Can Microsoft close the app gap with Apple's iPad?

Can Microsoft close the app gap with Apple's iPad?

Summary: Microsoft and its partners have been shipping Tablet PCs for nearly a decade. And yet when the Apple iPad ships in a few months it will do a much better job of implementing those features than any of Microsoft's partners have done so far. Why? Because Apple understands something that Microsoft has yet to figure out: Apps matter. Here's what Microsoft has to do to catch up.

Update 1-Feb, 3:30PM PST: This post has been revised since its initial publication. See the note at the end of the post for details. I've owned a succession of Tablet PCs over the past roughly seven years, nearly as long as they've been around. In fact, I'm composing this post on a Dell Latitude XT2 running Windows 7. That hardware/software combo supports multi-touch in addition to accepting input from a pen. So when Apple announced the iPad last week, I looked at it from a slightly different perspective than most. It's clear that Apple has also been looking carefully at the technologies that Microsoft has been refining for the past decade, and I can confidently predict that Apple will do a much better job of implementing those features than any of Microsoft's partners have done so far. Why? Because Apple understands something that Microsoft has yet to figure out: Apps matter. Nearly eight years after its introduction, the Tablet and touch technology in Windows is nothing short of spectacular, especially the parts that recognize handwritten input. And yet it's still nearly impossible to assemble a full suite of Windows apps that were designed to work well on a touch-enabled PC. In a few months, when iPads are actually shipping, we'll all be able to compare the two platforms for ourselves. Meanwhile, we can look at what Apple has announced and what it has already accomplished with the iPod Touch and iPhone and make some pretty easy projections. I certainly hope that Microsoft and its partners are already doing exactly that. On its iPad Features page, Apple goes to great pains not to refer to Tablet PCs at all. The introductory text is circumspect, in fact, immodestly asserting that "you can do things with these apps that you can’t do on any other device." But if you look at the metadata for that page, you see a more pointed comparison: "With its revolutionary Multi-Touch screen, and its ability to run thousands of apps, iPad can do thousands of things a tablet PC or e-reader can’t." Like I said, apps matter. Tablet and touch features in Windows 7 are secondary to the underlying OS, and developers have been consistently ignoring them for years. Even today, apps that are built on the latest Microsoft technology, like the Seesmic Look client for Twitter, are blissfully unaware of touch features. On my Tablet PC, I can call on a handful of apps that work reasonably well with touch gestures. Internet Explorer 8 is exemplary, with support for two-finger panning, scrolling with simple flick gestures, and resizing of photos and web pages with the now-familiar pinch gesture. The Office 2010 beta is also fully touch- and ink-aware, especially OneNote, which could be the centerpiece of any slate PC. Amazon's beta release of the Kindle for PC app allows you to turn pages easily with gestures, although it doesn't allow for ink annotations.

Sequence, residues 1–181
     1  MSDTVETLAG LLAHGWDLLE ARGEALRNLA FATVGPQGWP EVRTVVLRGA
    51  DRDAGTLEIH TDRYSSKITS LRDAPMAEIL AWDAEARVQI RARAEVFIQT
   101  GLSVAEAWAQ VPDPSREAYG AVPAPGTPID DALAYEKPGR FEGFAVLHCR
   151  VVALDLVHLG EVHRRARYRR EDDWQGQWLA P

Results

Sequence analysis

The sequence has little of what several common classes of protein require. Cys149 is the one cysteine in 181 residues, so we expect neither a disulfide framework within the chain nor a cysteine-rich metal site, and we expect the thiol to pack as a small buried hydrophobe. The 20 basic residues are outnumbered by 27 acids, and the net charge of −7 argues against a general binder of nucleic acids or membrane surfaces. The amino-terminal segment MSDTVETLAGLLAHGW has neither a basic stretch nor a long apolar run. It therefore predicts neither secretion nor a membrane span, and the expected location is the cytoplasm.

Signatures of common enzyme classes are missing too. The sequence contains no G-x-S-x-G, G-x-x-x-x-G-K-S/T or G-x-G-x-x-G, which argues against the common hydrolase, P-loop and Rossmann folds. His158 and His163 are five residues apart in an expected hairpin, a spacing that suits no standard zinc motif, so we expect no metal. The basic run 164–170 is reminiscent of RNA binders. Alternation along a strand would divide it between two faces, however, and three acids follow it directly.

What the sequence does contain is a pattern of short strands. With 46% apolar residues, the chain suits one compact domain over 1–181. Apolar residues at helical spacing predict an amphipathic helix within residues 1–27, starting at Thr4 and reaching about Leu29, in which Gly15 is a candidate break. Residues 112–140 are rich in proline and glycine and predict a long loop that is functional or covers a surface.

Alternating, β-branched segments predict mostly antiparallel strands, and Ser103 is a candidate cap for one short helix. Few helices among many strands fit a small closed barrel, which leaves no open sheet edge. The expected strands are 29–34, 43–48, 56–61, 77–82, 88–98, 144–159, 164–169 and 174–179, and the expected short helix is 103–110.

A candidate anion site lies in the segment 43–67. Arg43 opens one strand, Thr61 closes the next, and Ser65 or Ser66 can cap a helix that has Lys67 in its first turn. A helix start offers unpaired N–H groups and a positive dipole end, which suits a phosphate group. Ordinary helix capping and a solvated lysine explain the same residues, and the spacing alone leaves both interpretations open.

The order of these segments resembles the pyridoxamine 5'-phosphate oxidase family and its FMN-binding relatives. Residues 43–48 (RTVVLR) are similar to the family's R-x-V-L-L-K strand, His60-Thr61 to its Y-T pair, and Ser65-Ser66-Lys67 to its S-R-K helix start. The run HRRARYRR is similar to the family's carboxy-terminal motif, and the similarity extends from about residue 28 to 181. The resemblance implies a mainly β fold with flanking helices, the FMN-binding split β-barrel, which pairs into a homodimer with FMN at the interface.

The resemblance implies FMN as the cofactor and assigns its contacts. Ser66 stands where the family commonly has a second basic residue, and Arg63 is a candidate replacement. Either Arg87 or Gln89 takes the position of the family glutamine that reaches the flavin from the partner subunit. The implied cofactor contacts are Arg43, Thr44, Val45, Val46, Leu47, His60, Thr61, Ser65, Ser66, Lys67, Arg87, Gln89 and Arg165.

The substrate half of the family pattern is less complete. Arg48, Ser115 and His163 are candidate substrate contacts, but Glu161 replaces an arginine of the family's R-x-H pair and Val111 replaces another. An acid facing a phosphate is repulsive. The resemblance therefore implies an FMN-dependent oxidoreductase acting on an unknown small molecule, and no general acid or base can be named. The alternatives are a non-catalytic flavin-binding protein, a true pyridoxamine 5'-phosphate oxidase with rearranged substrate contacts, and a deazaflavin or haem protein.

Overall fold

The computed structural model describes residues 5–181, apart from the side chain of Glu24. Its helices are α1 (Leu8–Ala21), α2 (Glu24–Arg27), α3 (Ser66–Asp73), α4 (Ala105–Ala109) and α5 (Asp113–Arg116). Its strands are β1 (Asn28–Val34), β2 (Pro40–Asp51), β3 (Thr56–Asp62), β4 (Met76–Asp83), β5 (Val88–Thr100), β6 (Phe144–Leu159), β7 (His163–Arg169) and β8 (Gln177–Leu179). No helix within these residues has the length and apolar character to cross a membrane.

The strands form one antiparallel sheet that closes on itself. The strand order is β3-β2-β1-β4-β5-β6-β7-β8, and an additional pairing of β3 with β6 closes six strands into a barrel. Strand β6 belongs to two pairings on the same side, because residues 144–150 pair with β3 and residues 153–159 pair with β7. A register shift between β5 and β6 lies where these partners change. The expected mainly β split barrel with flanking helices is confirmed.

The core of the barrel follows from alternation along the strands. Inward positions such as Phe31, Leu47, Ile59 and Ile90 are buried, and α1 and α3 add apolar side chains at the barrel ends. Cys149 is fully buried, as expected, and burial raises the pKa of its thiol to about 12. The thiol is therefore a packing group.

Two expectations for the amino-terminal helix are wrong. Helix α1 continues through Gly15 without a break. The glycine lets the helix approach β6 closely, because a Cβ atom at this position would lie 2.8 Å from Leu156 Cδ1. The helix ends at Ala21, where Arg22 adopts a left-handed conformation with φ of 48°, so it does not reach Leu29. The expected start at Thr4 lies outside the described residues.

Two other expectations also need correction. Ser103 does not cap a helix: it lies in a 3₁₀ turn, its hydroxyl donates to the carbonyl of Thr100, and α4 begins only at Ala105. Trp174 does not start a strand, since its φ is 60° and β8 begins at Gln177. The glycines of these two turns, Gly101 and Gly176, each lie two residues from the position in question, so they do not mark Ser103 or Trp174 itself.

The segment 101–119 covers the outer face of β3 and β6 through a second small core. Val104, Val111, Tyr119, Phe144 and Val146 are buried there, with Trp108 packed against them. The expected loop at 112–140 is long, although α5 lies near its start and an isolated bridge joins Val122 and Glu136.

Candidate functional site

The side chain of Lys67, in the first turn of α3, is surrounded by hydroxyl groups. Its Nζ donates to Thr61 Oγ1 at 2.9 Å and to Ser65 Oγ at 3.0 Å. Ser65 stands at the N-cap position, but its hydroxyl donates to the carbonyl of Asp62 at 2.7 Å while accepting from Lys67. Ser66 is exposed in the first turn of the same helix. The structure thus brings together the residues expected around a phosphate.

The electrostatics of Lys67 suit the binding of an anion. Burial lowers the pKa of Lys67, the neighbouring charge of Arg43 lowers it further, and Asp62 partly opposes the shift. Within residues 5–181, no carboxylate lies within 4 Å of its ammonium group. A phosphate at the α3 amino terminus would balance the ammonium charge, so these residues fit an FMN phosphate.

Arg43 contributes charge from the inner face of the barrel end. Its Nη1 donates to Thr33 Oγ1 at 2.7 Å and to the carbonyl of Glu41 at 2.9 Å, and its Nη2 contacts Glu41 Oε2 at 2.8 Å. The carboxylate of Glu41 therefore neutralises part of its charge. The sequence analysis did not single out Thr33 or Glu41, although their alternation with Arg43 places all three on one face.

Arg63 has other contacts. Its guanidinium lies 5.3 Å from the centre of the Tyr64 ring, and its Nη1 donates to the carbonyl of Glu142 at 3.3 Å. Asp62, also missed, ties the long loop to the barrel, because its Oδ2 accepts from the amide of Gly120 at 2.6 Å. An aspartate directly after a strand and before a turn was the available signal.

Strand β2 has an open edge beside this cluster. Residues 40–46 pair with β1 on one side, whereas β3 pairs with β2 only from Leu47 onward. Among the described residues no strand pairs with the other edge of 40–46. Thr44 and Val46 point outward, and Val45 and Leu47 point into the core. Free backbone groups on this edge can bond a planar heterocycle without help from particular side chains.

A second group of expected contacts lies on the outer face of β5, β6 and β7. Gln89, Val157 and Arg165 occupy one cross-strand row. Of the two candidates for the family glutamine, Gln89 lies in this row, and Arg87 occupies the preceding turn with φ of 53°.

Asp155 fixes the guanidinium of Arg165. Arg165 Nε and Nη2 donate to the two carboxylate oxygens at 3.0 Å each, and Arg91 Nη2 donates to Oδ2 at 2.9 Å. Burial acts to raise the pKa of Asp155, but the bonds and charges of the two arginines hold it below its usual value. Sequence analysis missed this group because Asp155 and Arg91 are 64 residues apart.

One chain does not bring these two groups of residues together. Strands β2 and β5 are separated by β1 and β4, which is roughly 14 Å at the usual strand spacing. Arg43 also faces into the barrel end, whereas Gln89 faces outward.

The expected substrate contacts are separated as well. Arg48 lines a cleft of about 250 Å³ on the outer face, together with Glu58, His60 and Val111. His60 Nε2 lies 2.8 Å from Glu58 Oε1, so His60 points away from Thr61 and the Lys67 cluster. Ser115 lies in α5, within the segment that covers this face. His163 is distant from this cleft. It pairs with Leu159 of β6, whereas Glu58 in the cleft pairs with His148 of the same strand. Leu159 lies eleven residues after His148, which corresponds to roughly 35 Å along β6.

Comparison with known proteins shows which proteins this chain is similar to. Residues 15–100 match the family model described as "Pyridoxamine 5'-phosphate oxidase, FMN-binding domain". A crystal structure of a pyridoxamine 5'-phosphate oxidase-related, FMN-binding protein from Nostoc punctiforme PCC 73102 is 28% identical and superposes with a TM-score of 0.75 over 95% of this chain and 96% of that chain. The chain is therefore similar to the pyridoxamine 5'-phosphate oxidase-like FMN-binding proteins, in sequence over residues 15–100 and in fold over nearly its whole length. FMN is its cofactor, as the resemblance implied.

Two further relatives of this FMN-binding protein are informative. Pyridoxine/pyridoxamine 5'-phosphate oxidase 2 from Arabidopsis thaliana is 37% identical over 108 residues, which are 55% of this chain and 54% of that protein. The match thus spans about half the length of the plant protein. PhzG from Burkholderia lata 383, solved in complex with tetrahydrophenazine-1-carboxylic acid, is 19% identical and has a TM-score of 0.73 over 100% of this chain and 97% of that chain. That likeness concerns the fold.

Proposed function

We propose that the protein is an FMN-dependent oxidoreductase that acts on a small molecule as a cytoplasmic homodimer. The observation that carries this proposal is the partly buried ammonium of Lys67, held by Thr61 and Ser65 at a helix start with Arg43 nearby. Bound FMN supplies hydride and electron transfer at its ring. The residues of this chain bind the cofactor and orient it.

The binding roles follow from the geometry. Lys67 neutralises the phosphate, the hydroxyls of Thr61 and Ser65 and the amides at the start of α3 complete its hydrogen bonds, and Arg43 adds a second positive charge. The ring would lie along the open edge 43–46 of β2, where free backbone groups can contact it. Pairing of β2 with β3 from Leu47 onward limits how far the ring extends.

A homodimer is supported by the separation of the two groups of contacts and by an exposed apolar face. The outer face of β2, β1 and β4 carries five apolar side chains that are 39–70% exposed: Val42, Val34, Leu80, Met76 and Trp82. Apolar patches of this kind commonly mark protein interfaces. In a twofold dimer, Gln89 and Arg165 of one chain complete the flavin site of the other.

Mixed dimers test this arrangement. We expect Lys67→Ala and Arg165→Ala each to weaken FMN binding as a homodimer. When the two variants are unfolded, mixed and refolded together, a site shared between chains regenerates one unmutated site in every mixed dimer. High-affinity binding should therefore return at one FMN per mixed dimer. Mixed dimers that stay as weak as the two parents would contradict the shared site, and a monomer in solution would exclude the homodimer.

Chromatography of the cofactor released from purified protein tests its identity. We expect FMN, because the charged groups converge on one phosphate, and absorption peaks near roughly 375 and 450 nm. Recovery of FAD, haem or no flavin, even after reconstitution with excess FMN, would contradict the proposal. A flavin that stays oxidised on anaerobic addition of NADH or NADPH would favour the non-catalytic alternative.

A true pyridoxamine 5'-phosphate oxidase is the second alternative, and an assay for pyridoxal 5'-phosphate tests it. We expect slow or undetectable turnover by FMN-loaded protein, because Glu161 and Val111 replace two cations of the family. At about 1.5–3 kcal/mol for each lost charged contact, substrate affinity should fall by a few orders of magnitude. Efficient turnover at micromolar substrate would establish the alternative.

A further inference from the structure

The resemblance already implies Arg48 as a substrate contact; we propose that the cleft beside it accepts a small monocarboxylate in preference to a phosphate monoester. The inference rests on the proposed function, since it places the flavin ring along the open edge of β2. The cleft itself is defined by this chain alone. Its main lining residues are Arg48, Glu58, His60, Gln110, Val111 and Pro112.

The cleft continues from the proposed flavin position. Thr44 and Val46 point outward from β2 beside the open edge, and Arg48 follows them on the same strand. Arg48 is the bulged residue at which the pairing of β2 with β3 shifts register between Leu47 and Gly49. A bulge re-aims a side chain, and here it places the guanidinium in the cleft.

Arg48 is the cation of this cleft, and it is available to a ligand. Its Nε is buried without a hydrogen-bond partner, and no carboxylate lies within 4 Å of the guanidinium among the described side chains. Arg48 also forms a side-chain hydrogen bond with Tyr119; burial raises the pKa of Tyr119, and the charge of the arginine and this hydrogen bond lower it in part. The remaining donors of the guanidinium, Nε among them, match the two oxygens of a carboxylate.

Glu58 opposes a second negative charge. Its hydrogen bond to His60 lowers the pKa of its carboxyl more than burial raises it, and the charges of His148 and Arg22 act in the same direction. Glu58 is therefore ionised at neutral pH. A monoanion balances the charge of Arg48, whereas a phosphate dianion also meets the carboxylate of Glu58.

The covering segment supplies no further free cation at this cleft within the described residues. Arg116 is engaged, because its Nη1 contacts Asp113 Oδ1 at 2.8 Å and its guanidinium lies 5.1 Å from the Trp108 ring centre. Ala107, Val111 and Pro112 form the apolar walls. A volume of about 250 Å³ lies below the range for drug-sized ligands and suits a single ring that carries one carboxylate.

Windows Media Center, with its large buttons and simple full-screen interface, is a showcase app on a PC that uses a slate form factor. You can scroll through its main menu with the swipe gesture and navigate with gestures through your media library.